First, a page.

Then click OK.

19.  Now you are asked which shape to use.  Select the frame_liberia_lines shapefile.  Then click OK.
20.  A new point shape appears with the name temp_atl_annu_woaselect[CUT]
21.  If you ADD TO MAP with the new shape, it looks like this.  The COLOR control has been used to set 100 colors in a RAINBOW palette.  The temperature range, for your information, is roughly 25-28 deg C.
22.  Select the new point shape and use SAVE AS to navigate to PRODUCTS > SAGA > VECTORS to save it with the name temp_liberia_annu_woaselect_saga
23.  Panel removed
24.  METHOD 2:  Cutting a Polygon Shape.  Now we're going to cut a global polygon down to the Liberia area of interest.
25.  This is the general area of Liberia in the shape TM World Borders-0.3.
26.  Select TOOLS > SHAPES-POLYGONS > POLYGON PARTS TO SEPARATE POLYGONS.

For POLYGON, select the World Borders.  For POLYGON PARTS, select CREATE.

Then click OK.

NOTE:  This cleanup-step is needed to allow completely separate treatment of all national polygons, avoiding physical ties between polygons inside and outside the desired map.

27.  First we must split the polygons along the border of the Liberia area into separate smaller polygons that are either inside the Liberia frame or outside.

Select TOOLS > SHAPES-POLYGONS > POLYGON-LINE INTERSECTION.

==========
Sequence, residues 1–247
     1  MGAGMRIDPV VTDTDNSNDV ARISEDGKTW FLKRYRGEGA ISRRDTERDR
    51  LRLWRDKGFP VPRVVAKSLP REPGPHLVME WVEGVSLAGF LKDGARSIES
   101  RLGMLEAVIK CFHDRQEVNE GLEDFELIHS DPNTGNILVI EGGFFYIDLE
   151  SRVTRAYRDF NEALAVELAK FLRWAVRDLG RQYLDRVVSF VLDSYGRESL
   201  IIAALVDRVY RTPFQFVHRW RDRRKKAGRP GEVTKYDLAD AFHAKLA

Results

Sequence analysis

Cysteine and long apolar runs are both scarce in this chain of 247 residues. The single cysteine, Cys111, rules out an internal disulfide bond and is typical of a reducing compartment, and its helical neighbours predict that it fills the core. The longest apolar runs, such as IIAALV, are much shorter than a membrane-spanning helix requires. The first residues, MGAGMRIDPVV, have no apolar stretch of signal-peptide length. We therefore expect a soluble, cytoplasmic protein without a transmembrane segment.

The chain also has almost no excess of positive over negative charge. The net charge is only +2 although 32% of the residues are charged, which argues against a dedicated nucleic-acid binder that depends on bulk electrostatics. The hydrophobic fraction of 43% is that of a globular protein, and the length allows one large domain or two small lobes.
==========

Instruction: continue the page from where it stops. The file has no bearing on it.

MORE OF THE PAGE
28.  For the POLYGON, select TM World Borders [PARTS].  Then for the LINE, select frame_liberia_lines.  Then click OK.
29.  The new shape appears:  TM_WORLD_BORDERS-3.0 [PARTS][INTERSECTION: frame_liberia_lines]
30.  Here's the new polygon.  You can see that several countries in the Liberia area have been cut into separate parts.  The right-angle is not a simple line shape, it is the boundary between the newly separated shapes.  There are at least 5 distinctly separate polygons south-west of the right-angle line.
31.  Now cut out the 5 polygons in the new polygon shape, using the frame_liberia_lines shape, exactly as you did above in Panels 14-20.
32.  Here's the setup for the CUT SHAPES LAYER tool.  The shape to be cut is the new multiple polygon shape in Panel 30.
33.  Here's the selection of the shape to cut with.  It is the original Liberia frame, a lines shape.
34.  And here are the 5 polygons that survive the cutting process.

NOTE:  Examine closely to see if there are any "missing countries".

35.  Select SAVE AS and navigate to PRODUCTS > SAGA > VECTORS to save the new polygon as map_liberia_world_borders_saga